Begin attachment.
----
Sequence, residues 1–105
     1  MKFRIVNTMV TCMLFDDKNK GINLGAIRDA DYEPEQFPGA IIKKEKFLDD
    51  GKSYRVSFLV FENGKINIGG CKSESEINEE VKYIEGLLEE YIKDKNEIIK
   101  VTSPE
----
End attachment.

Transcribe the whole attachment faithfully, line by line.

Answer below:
Sequence, residues 1–105
     1  MKFRIVNTMV TCMLFDDKNK GINLGAIRDA DYEPEQFPGA IIKKEKFLDD
    51  GKSYRVSFLV FENGKINIGG CKSESEINEE VKYIEGLLEE YIKDKNEIIK
   101  VTSPE